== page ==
Friday, November 15, 2019

$5.5 Billion Stem Cell Ballot Measure: Questions in California but Apparently No Foot-Dragging

Some directors of the California stem cell agency this morning expressed a number of reservations about a $5.5 billion ballot initiative to stave off its financial demise, but none appeared likely to oppose the proposal 

In a special, two-hour meeting of the agency's governing board, questions were raised about provisions that would restrict the board or mandate programs, ranging from training to lab equipment. A provision to increase the size of the board from 29 to 35 was criticized and supported. A new effort to deal with the affordability of stem cell therapies was praised. But some aspects were questioned.   

The topic of the day was a complex, 30-page, proposed ballot initiative sponsored by Robert Klein, the first chairman of the agency, who has already announced changes in his proposal. More alterations appeared to be in the works as the result of today's hearing, including elimination of some language dealing with pricing. The meeting did not go into details about that subject.

In addition to requiring the state to borrow $5.5 billion for stem cell and other "vital" research, Klein's proposal would expand the scope of the agency and alter its governance. It would be required to develop and finance efforts at making stem cell research more affordable. Brain disease research would receive special attention with a dedicated $1.5 billion out of the $5.5 billion. Training programs would be mandated and expanded at community and state colleges and much more.

(The CIRM summary of the initiative can be found here. A summary by the California Stem Cell Report can be found here.)

(Here is the text of the initiative as filed in October. Here is the text of the measure with Klein's proposed changes as of Nov. 14.)

The agency began its life in 2004 with $3 billion in state bond funding, authorized by California voters through a ballot initiative.  Known formally as the California Institute for Regenerative Medicine(CIRM), it is down to its last $27 million, which is devoted to a sickle cell program with the federal government. At its peak, the agency was giving away up to $300 million a year.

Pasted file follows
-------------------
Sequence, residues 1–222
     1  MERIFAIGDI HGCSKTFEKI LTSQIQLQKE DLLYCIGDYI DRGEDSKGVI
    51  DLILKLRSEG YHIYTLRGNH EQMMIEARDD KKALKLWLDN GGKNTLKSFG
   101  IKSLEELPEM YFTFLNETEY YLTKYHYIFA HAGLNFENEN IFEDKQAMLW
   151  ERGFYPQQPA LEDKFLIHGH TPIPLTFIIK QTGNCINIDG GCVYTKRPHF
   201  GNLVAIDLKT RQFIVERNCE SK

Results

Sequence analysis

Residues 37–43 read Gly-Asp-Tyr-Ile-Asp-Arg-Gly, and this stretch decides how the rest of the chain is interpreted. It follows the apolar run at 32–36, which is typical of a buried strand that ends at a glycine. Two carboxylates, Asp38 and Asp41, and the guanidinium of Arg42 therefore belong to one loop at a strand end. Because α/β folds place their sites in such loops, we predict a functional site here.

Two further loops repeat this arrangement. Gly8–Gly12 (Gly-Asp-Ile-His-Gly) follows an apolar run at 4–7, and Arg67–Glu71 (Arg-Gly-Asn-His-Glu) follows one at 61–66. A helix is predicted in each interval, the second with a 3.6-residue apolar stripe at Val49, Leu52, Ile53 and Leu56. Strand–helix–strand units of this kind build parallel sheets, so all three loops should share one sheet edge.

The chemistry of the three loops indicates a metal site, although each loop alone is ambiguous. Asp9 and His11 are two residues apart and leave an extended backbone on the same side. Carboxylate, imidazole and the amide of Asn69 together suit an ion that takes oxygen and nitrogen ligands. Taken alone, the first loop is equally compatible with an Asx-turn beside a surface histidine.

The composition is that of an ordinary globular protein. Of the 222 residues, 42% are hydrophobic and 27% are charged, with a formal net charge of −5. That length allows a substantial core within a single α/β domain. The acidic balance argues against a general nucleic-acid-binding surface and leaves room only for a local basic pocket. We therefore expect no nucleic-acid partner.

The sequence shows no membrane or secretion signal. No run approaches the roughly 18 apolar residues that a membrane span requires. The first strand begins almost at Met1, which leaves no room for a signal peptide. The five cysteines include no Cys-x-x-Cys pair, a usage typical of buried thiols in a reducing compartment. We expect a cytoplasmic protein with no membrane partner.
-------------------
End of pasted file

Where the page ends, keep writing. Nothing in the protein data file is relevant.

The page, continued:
Today's meeting began with several of the board members declaring that the public should not perceive their questions and comments as indicating they did not support the effort to refinance the agency. Some had expressed concerns that opponents might use board comments to defeat the initiative next November. 

Steve Juelsgaard
CIRM photo
The board moved rapidly through the initiative during the morning meeting. CIRM director Steve Juelsgaard and others raised questions about the size of the board, declaring that large boards become disengaged from an enterprise. Os Stewart, who has served on the board since 2004, said he initially thought 29 members were excessive but feels differently after 15 years. 

Several members expressed concern about mandates that would tie the hands of the board. CIRM Director Francisco Prieto said, 
"The science can surprise us."
Klein told the board that "we have fundamental obligation to give the voters an idea where their money is going." He also said that the mandates do not have legal timetables.

Today's meeting was very lightly attended, according to an agency spokesman, mostly by CIRM staffers. Only one member of the public addressed the board, Don Reed, a longtime patient advocate and supporter of the board.

Questions about the measure arose publicly this month after longtime director
Jeff Sheehy
CIRM photo
Jeff Sheehy authored a 3,300-word critique of the Klein measure, declaring it amounted to "too little and too much."  At the end of today's meeting, Sheehy did not express reservations that would prevent him supporting the measure. 

Klein unofficially modified his measure this week. He has until Monday at 5 p.m. to actually file the changes with state elections officials. The official comment period for the initiative is closed. But Klein said yesterday that interested parties can send comments and suggestions to him through Saturday at this email address: 

Comments filed directly with Klein are not a public record. If a reader would like to share his/her comments with the public, please send a copy of them to the California Stem Cell Report at djensen@californiastemcellreport. We will carry them verbatim.

Here is a link to a guide to the stem cell initiative information maze, which is updated as other key information surfaces.

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